In its present neglected state parts of the canal are a potential health hazard and, in some places, dangerous. The Working Party have assumed that neither County will tolerate this condition once the canal is in public ownership and have therefore considered three different levels of restoration which to varying degrees satisfy the demands for the canal; Scheme A, partial restoration; Scheme B, partial restoration in Surrey and full restoration in Hampshire, and Scheme C, full restoration.

Scheme A - Partial Restoration

This scheme represents the minimum level of restoration. The towpath could be used by walkers and the shallow waterway would provide opportunities for angling and a limited amount of boating. Motor cruisers would be unable to use any part of the canal.

(a) Towpath cleared throughout and low places made good.
(b) The canal dredged to give 2'0" (0.600m) average depth of water.
(c) The embankment at Ash repaired.
(d) The broken culvert at Greywell and other culverts and outlets repaired.
(e) Banks made good.
(f) Brickwork to bridges repaired where the bridge is to be retained. Non-functional bridges demolished.
(g) Locks replaced by weirs.
(h) New depot and house at Ash.

The costs for this work are given in Appendix A. The Working Party have not allowed for any voluntary labour in this scheme as volunteers would be unlikely to give time and effort for this low level of restoration.

Capital Cost - £180,000
Voluntary input - nil.
Net Capital Cost - £180,000
Annual Loan Charges and Maintenance - £57,300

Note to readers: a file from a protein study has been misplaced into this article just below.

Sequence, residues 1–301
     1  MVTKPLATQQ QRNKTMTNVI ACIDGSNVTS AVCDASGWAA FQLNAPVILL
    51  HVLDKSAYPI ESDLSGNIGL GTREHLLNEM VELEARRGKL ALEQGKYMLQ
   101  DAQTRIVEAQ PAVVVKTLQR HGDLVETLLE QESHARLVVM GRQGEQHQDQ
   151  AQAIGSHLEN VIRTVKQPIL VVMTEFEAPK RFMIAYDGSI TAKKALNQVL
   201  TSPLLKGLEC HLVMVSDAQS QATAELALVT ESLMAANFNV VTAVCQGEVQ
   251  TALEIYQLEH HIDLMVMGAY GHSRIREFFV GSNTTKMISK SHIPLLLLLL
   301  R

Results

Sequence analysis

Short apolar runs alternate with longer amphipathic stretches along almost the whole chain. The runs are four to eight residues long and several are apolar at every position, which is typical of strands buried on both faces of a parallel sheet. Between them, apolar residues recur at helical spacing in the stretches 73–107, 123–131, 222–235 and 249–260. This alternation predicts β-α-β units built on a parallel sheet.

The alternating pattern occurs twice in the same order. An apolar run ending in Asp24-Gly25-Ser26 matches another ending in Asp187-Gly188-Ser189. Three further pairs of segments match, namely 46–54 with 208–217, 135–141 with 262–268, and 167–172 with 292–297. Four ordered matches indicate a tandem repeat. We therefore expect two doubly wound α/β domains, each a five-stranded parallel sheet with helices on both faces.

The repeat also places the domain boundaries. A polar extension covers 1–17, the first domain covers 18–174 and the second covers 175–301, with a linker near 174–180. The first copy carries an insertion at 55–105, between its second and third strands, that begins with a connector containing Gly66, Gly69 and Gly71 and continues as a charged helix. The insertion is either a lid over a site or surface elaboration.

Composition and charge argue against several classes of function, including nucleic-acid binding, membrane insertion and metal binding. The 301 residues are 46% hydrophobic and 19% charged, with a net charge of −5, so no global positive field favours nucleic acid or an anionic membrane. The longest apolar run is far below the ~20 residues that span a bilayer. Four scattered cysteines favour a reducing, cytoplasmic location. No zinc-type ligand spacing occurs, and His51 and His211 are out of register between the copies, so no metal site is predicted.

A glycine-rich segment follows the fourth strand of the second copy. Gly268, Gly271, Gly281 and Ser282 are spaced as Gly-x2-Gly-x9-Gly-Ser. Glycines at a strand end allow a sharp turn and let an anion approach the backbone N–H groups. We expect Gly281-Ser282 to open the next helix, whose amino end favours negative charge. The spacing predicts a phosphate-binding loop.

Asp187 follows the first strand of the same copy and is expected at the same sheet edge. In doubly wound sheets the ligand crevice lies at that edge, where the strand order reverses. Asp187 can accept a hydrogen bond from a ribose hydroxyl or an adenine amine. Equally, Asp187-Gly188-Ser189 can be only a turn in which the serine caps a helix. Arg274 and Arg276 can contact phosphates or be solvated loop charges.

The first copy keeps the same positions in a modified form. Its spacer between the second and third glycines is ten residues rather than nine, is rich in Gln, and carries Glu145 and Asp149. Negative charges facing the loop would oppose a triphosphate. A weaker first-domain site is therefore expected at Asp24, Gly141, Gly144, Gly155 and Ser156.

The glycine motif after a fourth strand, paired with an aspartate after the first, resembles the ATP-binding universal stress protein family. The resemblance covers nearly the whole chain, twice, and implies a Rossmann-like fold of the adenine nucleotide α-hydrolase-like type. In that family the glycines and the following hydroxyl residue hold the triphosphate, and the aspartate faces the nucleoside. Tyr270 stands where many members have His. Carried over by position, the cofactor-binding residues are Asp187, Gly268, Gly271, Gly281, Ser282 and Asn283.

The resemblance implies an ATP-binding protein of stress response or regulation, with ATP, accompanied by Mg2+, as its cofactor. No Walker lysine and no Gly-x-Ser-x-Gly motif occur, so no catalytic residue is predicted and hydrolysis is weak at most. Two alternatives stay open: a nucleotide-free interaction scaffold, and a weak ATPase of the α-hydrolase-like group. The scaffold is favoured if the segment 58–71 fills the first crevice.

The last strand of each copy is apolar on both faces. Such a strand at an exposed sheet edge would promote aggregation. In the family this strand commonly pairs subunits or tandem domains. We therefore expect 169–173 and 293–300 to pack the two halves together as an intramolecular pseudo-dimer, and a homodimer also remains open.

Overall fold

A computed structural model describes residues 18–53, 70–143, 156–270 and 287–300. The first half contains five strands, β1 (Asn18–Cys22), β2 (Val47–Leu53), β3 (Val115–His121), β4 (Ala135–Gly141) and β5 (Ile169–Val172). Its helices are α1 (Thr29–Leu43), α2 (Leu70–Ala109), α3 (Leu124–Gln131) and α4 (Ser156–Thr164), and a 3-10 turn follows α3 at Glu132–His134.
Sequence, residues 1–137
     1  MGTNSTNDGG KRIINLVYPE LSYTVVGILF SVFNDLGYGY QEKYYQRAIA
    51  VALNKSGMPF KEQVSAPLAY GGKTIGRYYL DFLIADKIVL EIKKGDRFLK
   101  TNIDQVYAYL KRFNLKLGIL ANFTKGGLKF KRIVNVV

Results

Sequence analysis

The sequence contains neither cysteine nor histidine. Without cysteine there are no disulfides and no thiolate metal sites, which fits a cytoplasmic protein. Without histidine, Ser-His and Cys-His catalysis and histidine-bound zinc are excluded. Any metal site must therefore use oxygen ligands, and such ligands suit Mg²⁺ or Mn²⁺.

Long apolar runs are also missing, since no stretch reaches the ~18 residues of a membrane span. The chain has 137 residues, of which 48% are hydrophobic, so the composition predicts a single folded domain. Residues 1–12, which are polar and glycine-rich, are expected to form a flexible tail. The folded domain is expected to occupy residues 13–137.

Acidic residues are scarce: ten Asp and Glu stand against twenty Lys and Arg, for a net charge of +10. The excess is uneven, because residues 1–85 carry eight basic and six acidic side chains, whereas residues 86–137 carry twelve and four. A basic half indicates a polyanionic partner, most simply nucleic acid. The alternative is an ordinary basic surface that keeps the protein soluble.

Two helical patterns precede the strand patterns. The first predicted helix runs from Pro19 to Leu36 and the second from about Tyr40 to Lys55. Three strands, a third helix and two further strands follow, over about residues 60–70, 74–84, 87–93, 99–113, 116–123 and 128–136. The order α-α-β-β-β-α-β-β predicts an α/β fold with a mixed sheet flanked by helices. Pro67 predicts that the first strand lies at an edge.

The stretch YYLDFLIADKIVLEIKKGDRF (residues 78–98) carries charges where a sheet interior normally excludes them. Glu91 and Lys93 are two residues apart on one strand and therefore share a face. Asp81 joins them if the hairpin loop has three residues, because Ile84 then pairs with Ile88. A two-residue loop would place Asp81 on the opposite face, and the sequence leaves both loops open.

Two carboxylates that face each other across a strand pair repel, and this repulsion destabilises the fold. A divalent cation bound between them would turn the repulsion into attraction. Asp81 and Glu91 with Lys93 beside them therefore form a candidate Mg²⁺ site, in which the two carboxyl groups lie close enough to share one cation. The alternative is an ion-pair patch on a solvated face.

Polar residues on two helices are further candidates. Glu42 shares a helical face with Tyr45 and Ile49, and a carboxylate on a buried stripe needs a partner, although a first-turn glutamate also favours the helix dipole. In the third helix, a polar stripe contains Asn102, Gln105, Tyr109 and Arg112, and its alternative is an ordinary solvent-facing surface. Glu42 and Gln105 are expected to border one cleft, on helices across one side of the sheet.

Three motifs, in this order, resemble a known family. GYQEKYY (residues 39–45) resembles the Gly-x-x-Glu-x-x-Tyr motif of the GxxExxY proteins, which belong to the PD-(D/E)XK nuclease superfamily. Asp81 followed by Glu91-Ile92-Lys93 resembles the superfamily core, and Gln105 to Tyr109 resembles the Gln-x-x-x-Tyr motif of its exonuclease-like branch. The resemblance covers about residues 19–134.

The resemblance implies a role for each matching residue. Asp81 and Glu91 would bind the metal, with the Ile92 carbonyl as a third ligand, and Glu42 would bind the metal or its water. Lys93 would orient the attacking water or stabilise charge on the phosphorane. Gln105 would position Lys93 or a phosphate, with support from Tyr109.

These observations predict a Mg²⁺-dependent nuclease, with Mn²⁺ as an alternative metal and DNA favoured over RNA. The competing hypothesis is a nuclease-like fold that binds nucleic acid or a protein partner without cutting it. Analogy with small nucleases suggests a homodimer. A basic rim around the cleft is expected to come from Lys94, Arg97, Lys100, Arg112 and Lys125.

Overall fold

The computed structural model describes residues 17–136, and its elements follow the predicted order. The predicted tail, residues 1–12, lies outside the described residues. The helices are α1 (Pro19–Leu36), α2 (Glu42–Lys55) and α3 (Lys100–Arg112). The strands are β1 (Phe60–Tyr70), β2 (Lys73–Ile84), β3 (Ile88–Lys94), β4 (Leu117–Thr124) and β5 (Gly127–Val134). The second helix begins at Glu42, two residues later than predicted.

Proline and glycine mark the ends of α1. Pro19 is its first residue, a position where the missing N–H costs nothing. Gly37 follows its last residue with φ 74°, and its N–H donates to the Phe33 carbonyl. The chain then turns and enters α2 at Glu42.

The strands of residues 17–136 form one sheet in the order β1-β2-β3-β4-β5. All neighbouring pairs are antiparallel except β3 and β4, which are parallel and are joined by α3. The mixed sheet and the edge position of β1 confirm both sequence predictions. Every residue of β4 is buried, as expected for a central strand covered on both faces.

Annual Revenue - £8,500
Annual Net Expenditure - £48,800

a) This scheme has the lowest capital cost.
b) Natural history interests will be least affected by this scheme.
c) Fishing will not be affected by motor cruisers.

a) The canal would only provide a local boating interest.
b) Voluntary labour is unlikely to be offered for restoration work.

Scheme B - Partial restoration in Surrey; full restoration in Hampshire.

The Surrey length would be as in Scheme A. The Hampshire length would be as in Scheme C, but being isolated from the national network of waterways boats would have to be kept there or brought in by road.

The costs are given in Appendix A and allowance has been made for the limited value of voluntary labour that the Working Party consider would be given for this scheme.

Capital Cost - £240,000
Voluntary Input - £10,000
Net Capital Cost - £230,000
Annual Loan Charges and Maintenance - £63,000
Annual Revenue - £14,500
Annual Net Expenditure - £49,400

a) Motor cruising allowed on the Hampshire length of the canal.

a) The Hampshire length would be isolated from other waterways.
b) The anticipated value of voluntary labour would be £10,000 oompared with £98,000 in Scheme C.

Scheme C - Full Restoration

This scheme would reinstate the canal from the Greywell Tunnel to the River Wey and would bring back to life a heritage which goes back for nearly 200 years. Then it served a commercial purpose for a few; but now the restored canal would fill a new role by providing recreation for an enormous number of people. The movement of boats and the use of locks would add colour and interest to a scene which will be enjoyed by millions.

a) Towpath cleared throughout and low places made good.